In May 2008, Gaye Smith and Vint Lewis, both from WTA, traveled to Maine to work with Nationwide on the single card swipe solution. At that time, Nationwide provided Smith with a beta version of the payment software. At a dinner meeting during that visit, which Plunkett also attended, Nonni and Allen told Smith that Nationwide had formally adopted the name MUNICIPAY for the payment solution software.

On July 9, 2008, Plunkett met with Nonni. At that meeting, Plunkett was notified that Nationwide had chosen to market its single swipe payment software under the name MUNICIPAY and would be formally launching the name once it secured the MUNICIPAY domain name (

On July 12, 2008, Plunkett made a PowerPoint(r) presentation titled "A New Era in Municipality Credit Card Acceptance" (Docket # 9-2) at the 2008 Annual Conference of the National Association of County Collectors, Treasurers and Finance Officers ("NACCTFO"). On the first page of the presentation Plunkett clearly refers to himself as a representative of "MuniciPAY" and thereby used the "MuniciPAY" name in a presentation to potential customers. Nationwide was a sponsor of the NACCTFO event. Nationwide reimbursed Plunkett's expenses for attending the NACCTFO conference. Multiple conference attendees perceived Plunkett as a Nationwide representative.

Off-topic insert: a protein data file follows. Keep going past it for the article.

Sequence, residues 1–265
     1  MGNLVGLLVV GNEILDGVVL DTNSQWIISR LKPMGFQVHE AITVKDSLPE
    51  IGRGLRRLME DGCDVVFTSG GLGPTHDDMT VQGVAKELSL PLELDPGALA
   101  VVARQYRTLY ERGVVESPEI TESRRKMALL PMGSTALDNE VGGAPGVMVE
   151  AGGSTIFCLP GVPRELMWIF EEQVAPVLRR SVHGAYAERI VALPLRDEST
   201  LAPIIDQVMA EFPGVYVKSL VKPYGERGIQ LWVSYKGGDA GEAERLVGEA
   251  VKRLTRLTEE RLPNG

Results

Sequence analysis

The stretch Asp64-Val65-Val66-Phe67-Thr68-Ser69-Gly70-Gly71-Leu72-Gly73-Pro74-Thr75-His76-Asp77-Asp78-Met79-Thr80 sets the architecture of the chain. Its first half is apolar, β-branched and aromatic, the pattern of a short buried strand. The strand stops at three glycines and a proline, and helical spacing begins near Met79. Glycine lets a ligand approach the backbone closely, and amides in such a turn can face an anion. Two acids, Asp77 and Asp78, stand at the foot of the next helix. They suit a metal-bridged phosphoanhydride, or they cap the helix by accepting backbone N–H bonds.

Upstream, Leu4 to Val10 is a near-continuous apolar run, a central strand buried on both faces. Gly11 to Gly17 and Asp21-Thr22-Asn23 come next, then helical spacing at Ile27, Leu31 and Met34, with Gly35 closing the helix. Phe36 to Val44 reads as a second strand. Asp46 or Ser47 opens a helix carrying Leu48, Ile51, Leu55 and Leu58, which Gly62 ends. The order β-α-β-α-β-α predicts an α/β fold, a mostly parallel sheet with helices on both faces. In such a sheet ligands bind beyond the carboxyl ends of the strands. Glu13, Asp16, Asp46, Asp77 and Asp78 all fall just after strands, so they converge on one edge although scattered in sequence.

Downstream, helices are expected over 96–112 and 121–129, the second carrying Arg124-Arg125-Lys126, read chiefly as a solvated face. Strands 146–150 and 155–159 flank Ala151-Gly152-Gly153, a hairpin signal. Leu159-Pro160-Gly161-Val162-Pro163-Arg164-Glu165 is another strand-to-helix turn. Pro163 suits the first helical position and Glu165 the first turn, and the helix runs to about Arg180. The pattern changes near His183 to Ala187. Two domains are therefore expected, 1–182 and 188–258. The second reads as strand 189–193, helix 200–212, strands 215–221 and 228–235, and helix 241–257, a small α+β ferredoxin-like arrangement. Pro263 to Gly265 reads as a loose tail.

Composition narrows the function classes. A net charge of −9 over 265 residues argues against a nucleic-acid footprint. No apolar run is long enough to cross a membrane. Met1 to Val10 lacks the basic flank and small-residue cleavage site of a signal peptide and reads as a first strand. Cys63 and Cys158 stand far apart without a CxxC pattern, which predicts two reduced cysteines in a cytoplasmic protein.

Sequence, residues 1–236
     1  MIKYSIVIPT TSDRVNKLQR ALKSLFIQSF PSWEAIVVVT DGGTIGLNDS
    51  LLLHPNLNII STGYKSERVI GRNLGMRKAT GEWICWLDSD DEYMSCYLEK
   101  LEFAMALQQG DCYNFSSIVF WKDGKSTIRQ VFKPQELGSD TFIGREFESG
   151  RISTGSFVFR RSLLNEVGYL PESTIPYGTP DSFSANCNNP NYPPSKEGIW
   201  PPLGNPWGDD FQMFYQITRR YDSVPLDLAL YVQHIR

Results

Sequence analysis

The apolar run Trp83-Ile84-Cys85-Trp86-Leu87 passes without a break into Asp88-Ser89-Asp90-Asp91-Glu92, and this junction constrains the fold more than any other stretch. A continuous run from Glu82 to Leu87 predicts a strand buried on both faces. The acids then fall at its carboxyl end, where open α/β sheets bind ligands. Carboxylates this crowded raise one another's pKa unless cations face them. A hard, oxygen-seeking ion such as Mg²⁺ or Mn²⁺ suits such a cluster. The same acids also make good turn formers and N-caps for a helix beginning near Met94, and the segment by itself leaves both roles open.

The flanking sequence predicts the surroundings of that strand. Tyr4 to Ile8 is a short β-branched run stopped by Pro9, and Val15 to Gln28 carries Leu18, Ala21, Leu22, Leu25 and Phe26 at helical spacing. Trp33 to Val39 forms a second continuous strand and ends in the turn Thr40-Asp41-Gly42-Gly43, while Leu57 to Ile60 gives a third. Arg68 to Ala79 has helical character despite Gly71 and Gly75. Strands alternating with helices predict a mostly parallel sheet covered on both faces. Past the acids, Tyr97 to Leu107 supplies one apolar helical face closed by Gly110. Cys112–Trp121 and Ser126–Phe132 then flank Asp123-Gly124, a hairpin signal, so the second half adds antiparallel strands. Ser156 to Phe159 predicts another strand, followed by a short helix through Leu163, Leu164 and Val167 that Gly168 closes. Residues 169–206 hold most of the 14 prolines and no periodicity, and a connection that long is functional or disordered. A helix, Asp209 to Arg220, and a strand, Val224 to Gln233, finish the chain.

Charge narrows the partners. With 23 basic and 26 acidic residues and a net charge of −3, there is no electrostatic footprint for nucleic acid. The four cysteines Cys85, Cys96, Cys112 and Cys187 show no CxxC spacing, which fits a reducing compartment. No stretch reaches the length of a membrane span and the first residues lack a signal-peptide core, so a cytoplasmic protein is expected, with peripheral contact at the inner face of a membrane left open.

WTA continued to work with Nationwide and with Plunkett in his capacity of as an agent of Nationwide. WTA relied on Plunkett for information on Nationwide's plans and expectations for the marketing of the MUNICIPAY product. Problems arose. On multiple occasions, Smith of WTA believed Plunkett behaved in an unacceptable manner at sales and marketing-related events. As a result, in November 2008, WTA made a request to Nationwide that it cease working with Plunkett and instead work with other Nationwide representatives. Nationwide accommodated that request.